Francis notes how all of life is a journey, but we have to decide which direction to take, as the Emmaus disciples did.
Pope Francis is urging us to let go of the disappointments of the past, and instead to look at the “greatest and truest reality of life: Jesus lives.”
The pope said this before praying the midday Regina Caeli on Sunday, reflecting on how the Gospel account of the disciples on the road to Emmaus is “a story which begins and ends on the move.”
There is the first journey — going away from Jerusalem, about 11 kilometers (almost 7 miles) — and this is a journey that is sad, despite being in daylight and mostly downhill.
Then there is the return to Jerusalem — another 11 kilometers, now at nightfall, much of it uphill, and carrying the fatigue of the first trek.
Two trips: one easy during the day, and the other tiring at night. Yet the first takes place in sadness, the second in joy. In the first there is the Lord walking beside them, but they don’t recognize Him; in the second they do not see Him anymore, but they feel Him near them. In the first they are discouraged and hopeless; in the second they run to bring the good news of the encounter with the Risen Jesus to the others.
The Holy Father said that these two journeys tell us that “in life we have two opposite directions in front of us: there is the path of those who, like those two at the beginning, let themselves be paralyzed by life’s disappointments and go ahead sadly; and there is the path of those who do not put themselves and their problems first, but Jesus who visits us, and the brothers who await His visit, that is, the brothers who are waiting for us to take care of them.”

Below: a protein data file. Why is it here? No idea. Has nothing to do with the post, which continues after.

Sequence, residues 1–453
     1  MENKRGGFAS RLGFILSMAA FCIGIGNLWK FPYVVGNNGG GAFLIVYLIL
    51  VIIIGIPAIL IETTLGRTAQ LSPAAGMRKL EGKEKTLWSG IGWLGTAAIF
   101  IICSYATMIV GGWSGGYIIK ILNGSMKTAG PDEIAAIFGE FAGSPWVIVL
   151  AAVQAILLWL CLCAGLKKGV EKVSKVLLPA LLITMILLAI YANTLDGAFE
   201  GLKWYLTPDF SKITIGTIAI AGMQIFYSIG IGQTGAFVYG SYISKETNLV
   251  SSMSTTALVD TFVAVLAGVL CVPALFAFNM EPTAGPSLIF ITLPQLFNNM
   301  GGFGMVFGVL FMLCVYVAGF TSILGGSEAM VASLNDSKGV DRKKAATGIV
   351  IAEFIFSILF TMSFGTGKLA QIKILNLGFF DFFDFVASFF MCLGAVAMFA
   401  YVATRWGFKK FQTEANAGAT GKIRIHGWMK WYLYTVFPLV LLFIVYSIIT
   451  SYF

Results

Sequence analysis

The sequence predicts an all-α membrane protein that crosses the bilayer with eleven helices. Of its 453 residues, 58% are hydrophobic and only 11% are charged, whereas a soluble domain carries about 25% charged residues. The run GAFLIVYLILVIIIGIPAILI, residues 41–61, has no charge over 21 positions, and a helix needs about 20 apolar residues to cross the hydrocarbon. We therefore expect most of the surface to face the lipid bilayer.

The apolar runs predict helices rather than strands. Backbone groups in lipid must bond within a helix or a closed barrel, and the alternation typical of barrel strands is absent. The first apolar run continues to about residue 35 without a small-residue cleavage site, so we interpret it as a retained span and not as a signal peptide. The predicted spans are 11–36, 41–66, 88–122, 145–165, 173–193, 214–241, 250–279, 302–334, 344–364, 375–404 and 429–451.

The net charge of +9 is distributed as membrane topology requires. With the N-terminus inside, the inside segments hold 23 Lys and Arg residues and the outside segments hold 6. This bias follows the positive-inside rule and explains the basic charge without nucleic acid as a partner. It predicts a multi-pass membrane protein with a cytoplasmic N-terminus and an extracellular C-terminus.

Here is the turning point: to stop circling around oneself, the disappointments of the past, the unrealized ideals, the many bad things that have happened in our life. Very often we tend to keep going around and around… Set that aside and look at the greatest and truest reality of life: Jesus lives, Jesus loves me. This is the greatest reality. And I can do something for others. It is a beautiful reality: positive, bright, beautiful! The turning point is this: passing from thoughts about myself to the reality of my God …
Pope Francis played on the similarity of the two words “if” and “yes,” in Italian, to comment on how often we focus on the “if only,” … but how this line of thought “does not help us, it is not fruitful, it helps neither us nor others.”
The disciples did the same, but went from the “if only” to the “yes.”
“Yes, the Lord is alive, He walks with us. Yes, now, not tomorrow, we are on our way to announce it. … from laments to joy and peace, because when we complain, we are not joyful; we are in grayness, grayness, that grey air of sadness. And this does not help, nor does it enable growth. From “if” to “yes,” from the lament to the joy of service.
The pope said that this change of focus came about for the disciples because of one crucial thing: meeting Jesus.
The two disciples of Emmaus first open their hearts to Him; then they listen to Him explain the Scriptures; then they invite him home. These are three steps that we too can take in our homes: first, opening our hearts to Jesus, entrusting Him with the burdens, the hardships, the disappointments of life, entrusting the “ifs” to him, and then, the second step, listening to Jesus, taking the Gospel in hand, reading this passage today, in Chapter 24 of Luke’s Gospel; third, praying to Jesus, in the same words as those disciples: “Lord, ‘stay with us’ (v. 29). Lord, stay with me. Lord, stay with all of us, because we need You to find the way.” And without You there is night.Dear brothers and sisters in life we are always journeying. And we become what we go towards. Let us choose the way of God, not of the self; the way of “yes,” not the way of “if.”We will discover that there is no unexpected event, no uphill path, no night that cannot be faced with Jesus. May Our Lady, Mother of the journey, who by receiving the Word made her entire life a “yes” to God, show us the way.